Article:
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Published on 1 May 2004

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Drug information training in hepatic disease

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David Woods
MPharm MRPharmS
Drug Information Consultant and Senior Teaching Fellow
School of Pharmacy
University of Otago
Dunedin
New Zealand
E:david.woods@stonebow.otago.ac.nz

Drug-induced liver disease is very common(1,2) and is the most frequent cause of drug withdrawal following postmarketing surveillance. For many drugs, patterns of hepatic toxicity do not become apparent until they have been widely used in clinical practice. The case of nefazadone is a recent example.

Hepatotoxicity is also frequently observed with established drugs and is a major cause of drug-related morbidity and mortality. It is often necessary for the practitioner to differentiate between drug-related hepatotoxicity and that due to disease, lifestyle factors (such as alcohol) or alternative medicine use. Drugs often cause a predominant pattern of toxicity (eg, for flucloxacillin, the reaction is predominantly cholestatic), so it is important to be able to identify a pattern of toxicity and relate this to observations usually reported with an individual drug. The pattern of toxicity includes: signs, symptoms, laboratory results (including liver function tests, or LFTs) and the time course (ie, when the reaction appeared in relation to the drug being started). Many drug reactions exhibit a mixed picture (ie, cholestatic and hepatocellular toxicity), and the reaction may not always be typical or definitive. Nevertheless, ascertaining the pattern of toxicity can be useful in identifying a potentially causative agent from a list of drugs that the patient may be taking.

Background questions

Medication history
A complete medication history is important and should include current medicines and all those taken in the last 2–3 months. Some drugs can cause hepatotoxicity several weeks after they have been stopped; thus, current medicines may not always be the causative agents.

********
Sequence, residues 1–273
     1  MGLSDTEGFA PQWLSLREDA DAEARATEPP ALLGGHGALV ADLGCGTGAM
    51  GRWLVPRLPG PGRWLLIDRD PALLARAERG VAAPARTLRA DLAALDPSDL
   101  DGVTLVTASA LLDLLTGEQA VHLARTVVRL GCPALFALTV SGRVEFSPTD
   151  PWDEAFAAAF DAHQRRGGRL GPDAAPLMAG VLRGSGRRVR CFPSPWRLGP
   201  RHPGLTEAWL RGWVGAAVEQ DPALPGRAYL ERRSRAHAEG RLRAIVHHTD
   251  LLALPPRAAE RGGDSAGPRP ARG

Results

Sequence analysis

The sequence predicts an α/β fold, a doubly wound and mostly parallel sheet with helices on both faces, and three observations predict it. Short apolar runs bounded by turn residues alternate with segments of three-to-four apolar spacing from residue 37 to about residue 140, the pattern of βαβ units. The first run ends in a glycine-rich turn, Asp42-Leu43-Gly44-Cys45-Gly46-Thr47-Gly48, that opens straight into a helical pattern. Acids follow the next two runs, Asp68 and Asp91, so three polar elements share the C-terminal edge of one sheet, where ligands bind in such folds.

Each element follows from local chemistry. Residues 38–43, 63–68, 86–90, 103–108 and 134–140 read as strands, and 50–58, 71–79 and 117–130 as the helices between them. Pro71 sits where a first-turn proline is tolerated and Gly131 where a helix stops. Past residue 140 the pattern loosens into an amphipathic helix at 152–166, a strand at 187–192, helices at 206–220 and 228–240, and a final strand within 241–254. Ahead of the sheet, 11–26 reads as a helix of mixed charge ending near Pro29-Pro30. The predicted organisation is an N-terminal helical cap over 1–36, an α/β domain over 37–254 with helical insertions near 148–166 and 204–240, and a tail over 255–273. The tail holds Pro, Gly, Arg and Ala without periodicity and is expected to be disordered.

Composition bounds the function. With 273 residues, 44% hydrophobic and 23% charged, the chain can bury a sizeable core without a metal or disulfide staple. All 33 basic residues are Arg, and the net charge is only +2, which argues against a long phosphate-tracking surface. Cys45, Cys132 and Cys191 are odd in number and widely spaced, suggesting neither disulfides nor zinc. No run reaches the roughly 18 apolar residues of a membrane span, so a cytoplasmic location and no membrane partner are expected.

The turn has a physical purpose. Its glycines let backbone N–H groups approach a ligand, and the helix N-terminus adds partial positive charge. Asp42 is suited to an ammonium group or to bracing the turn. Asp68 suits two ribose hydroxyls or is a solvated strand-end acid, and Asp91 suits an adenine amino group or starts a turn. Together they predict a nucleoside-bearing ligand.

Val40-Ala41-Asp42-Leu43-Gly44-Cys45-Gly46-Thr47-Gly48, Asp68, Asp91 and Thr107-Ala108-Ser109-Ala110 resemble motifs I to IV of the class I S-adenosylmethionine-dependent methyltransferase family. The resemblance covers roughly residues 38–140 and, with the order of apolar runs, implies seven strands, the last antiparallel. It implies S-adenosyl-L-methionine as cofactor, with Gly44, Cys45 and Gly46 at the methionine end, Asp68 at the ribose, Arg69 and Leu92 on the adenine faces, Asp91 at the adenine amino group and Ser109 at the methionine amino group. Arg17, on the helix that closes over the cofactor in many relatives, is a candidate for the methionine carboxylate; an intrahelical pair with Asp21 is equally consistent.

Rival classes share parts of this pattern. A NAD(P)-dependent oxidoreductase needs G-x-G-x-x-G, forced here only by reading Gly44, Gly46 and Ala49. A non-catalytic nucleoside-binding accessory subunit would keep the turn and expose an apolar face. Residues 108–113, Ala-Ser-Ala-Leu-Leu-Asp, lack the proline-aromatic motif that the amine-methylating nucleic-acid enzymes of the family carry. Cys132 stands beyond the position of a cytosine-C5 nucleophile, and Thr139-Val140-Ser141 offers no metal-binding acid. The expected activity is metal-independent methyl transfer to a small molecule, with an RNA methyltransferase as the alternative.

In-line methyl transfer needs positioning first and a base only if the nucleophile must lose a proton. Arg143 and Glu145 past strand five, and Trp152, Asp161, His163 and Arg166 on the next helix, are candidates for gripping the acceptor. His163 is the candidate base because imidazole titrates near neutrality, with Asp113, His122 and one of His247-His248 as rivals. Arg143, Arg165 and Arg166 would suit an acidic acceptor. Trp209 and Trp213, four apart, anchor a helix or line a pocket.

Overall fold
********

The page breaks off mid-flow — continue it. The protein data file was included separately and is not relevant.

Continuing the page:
Medication history should include prescribed medicines, over-the-counter preparations and herbal medicines and supplements. Details of the time course are very important: when were the drugs started or stopped, and when was hepatotoxicity identified, either from liver function tests or physical signs and symptoms?

Liver function tests
Results of LFTs should be obtained. If available, a trend of results over the last few days or weeks can be useful in identifying either developing or resolving toxicity.

Investigations should be comprehensive and include enzymes AST, ALT, GGT and ALP, bilirubin and albumin.

Other signs and symptoms
Other signs and symptoms that may be indicative of a possible drug reaction or hypersensitivity should be checked. For example, raised eosinophils, arthralgia, skin rash and fever in combination with raised LFTs are a good indication of drug hypersensitivity with hepatic involvement.

Exclusion of other causes
The investigator has to make sure that other causes of liver disease, such as infectious hepatitis and alcohol, have been excluded.

Background knowledge
As well as a knowledge of the general principles of adverse drug reactions (ADRs), the practitioner needs a sound knowledge of the pathophysiology of drug-induced liver disease and the interpretation of liver function tests.

It may be useful to research the pattern of toxicity in several key drugs, such as flucloxacillin, isoniazid and sodium valproate. Reading reviews and case reports will help in understanding the process of identification and differential diagnosis.

The ability to recognise the requirement for more information regarding a particular case is very important. LFTs are often incompletely reported, and a more comprehensive screen may be needed, rather than an isolated measurement of GGT or transaminases. Another useful exercise is to be able to clearly distinguish between cholestatic hepatitis and hepatocellular hepatitis, and to recognise hepatotoxicity due to a mixture of both.

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References

  1. Cupp MJ. Herbal remedies: adverse effects and drug interactions. Am Fam Physician 1999;59:1239-45. Available from URL: www.aafp.org/afp/990301ap/1239.html
  2. Haller CA, Dyer JE, Ko R, Olson KR. Making a diagnosis of herbal-related toxic hepatitis. West J Med 2002;176:39-44. Available from URL:www.ewjm.com/cgi/content/full/176/1/39

Resources
Duke MN, editor. Meyler’s Side Effects of Drugs. London: Elsevier;1996
Davies DM. Adverse Drug Reactions. London: Chapman and Hall Medical; 1999
Lee A. Adverse Drug Reactions. London: Pharmaceutical Press; 2001
Merck Medicus: Drug-induced Liver Disease
W:merck.praxis.md/index.asp?page=bpm_brief&article_id=CPM02HP373 Drug-Induced Liver Injury: A National and Global Problem W:www.fda.gov/cder/livertox/
Clinical Picture of Liver Disease
W:www.fda.gov/cder/livertox/stateArt.htm#Clinical%20Picture HepNet W:www.hepnet.com/hepc/ulibd00/swain.html
Emergency
medicine: drug hepatotoxicity
W:www.emedmag.com/html/pre/gic/consults/101500.asp



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